It might be too early to tell what significant impacts this week’s government shutdown will have on the country, but students and faculty at USC have already been affected.
David Brown, associate senior vice president of the USC Office of Federal Relations, said that though USC has experienced only minimal effects in the last few days, there are three areas that receive federal funding that could be impacted: research, education and healthcare.
Receiving future federal grants for research in departments such as energy or security could become more difficult, Brown said. Research grants that projects have received will continue to be funded, but new grant opportunities have been halted.
In addition, federal student aid for the spring semester and beyond could be altered. According to the U.S. Department of Education, most of the grants and aid have already been extended for the 2013 semester.
In Washington, the conflict largely came about because of partisan disagreement on the Affordable Care Act, popularly known as “Obamacare.” Republicans and Democrats at USC also have different takes on the shutdown.
Giuseppe Robalino, director of political affairs and strategy for the USC College Republicans, sees the university as already being adequately prepared financially due to its large endowment.
“I think [USC is] very prepared to step in for the federal government if the students are having trouble with loans,” he said.
Brown also said that reimbursements for Medicare and Medicaid patients could be affected by the shutdown. Though the university will still receive funds for medical education training, its medical center’s ability to reimburse some patients will be hindered.
If the shutdown lasts more than two to three weeks, it will have an impact on research funds and student aid, according to Brown. The change in cash flow from the federal government will inhibit competition for new research opportunities.
“It’s intensely problematic for universities like USC, especially as it applies to our research enterprise and our students, and I hope the Republicans and Democrats in the House and the Senate can come to an agreement to fund the government in 2013,” Brown said.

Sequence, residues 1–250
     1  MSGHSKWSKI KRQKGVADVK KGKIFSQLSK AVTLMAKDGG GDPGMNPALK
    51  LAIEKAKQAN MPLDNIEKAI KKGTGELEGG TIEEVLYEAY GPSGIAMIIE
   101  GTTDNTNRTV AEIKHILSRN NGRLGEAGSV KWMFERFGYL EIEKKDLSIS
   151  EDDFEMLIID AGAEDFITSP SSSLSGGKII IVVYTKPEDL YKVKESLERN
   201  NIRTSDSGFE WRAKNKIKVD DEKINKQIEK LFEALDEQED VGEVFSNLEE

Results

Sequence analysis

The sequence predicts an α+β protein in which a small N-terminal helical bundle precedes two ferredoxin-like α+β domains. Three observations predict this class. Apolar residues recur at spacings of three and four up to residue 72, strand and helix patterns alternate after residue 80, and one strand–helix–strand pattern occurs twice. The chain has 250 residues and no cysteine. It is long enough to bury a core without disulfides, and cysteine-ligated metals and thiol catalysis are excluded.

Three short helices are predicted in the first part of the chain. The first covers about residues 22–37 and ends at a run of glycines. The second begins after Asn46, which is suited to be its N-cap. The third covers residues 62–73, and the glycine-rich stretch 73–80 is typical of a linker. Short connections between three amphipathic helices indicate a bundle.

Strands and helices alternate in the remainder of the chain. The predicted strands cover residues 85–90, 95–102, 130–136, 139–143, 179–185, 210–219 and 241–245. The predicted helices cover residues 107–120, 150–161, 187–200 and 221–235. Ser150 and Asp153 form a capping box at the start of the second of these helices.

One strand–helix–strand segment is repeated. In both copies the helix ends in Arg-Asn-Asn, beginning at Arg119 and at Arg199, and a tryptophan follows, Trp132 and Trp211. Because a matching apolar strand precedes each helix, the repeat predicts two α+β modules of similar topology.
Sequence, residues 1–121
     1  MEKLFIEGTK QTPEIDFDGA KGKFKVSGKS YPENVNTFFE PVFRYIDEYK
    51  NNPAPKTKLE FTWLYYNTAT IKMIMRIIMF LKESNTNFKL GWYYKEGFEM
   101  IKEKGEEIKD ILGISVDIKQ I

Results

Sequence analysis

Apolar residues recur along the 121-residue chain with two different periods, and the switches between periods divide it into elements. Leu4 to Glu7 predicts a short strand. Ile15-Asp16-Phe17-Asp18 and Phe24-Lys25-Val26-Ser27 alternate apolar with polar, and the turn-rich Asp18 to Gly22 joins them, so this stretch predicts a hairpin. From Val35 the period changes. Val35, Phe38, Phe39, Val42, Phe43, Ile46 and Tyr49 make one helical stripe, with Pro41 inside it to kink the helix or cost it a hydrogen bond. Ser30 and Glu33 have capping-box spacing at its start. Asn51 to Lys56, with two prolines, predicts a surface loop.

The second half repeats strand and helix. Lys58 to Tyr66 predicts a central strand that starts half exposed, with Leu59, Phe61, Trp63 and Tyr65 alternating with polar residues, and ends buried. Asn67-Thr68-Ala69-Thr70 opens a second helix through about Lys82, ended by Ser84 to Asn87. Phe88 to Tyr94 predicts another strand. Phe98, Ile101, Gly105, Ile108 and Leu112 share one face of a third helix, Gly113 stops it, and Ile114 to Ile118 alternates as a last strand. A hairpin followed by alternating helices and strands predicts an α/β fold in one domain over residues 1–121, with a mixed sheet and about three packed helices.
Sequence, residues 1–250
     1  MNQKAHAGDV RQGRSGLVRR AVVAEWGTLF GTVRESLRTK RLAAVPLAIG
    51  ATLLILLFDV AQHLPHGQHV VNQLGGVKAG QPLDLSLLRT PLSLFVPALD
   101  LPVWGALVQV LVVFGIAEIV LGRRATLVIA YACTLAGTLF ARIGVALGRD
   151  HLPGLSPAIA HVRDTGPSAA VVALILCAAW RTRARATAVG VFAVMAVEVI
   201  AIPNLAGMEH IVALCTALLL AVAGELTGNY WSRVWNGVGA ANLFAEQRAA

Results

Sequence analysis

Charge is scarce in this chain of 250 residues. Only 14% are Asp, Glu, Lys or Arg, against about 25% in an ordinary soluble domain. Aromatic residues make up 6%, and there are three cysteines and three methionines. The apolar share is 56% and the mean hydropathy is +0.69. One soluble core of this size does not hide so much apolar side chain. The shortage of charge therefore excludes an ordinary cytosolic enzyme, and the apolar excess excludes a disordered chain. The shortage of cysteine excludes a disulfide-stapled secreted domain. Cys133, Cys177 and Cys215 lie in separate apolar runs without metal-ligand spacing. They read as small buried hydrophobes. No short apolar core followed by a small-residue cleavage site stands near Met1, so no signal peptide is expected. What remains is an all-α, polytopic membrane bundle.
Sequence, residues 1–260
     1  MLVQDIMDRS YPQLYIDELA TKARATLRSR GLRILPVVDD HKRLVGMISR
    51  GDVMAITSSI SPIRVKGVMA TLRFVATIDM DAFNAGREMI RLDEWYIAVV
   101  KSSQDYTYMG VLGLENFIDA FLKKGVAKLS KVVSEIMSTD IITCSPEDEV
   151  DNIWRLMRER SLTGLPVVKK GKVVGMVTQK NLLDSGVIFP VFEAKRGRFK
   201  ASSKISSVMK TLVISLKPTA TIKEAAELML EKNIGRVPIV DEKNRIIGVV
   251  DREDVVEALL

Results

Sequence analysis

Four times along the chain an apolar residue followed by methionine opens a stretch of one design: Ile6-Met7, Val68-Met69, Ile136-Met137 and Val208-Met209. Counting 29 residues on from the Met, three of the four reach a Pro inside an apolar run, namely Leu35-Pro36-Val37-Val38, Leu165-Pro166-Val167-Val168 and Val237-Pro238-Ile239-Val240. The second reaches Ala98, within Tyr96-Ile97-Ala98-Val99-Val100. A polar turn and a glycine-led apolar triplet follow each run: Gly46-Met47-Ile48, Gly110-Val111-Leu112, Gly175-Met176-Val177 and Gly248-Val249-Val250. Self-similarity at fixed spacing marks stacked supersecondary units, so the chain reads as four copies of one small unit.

Though USC is safe from dependencies such as research grants from the federal government, President of the USC College Democrats Catherine Shieh said the university will still be impacted.
“The federal court is no longer functioning the way it used to,” Shieh said.
Individual students have also been impacted in various ways. Some who work for the federal government might not be able to go to work.
Karla Robinson, a senior majoring in print and digital journalism, agreed that the shutdown will take a toll on government jobs.
“They’re saying it could last weeks, and I just don’t think that’s realistic for people who have to work weeks without getting any pay,” Robinson said.
Robinson herself was affected by the shutdown in a different way. She had planned to go to Sequoia National Park with SC Outfitters, but her trip was cancelled after the national parks closed down.
“I made plans with friends and was going to loan someone my car and I got my work cleared so I could leave early,” she said of her former plans.
Robinson also said the closure of national parks affected one of her professors.
“My photography teacher has contracts with the national parks to take pictures,” she said. “So for his job specifically, it’s been mayhem because all the parks are closing and he has deadlines to get these pictures in for certain publications.”
In the meantime, USC and the Office of Federal Relations will monitor the issue and work with members of the California congressional delegation to resolve the issue.
“I was a little disheartened, and it finally started to sink in, how deeply divided we are,” Robalino said. “These are issues that they’ve had with Obamacare for weeks, months and years now. It’s something that could have been resolved.”
Shieh was also disappointed with the government’s lack of accountability.
“They are not doing the skeleton of the responsibilities either,” she said. “These people should essentially be publicly shamed for the way that this is happening.”
Shieh recommended that USC students speak up and call their home Congress members, saying that something must be done.
“It is from a public uproar that these leaders will be reactionary,” she said.
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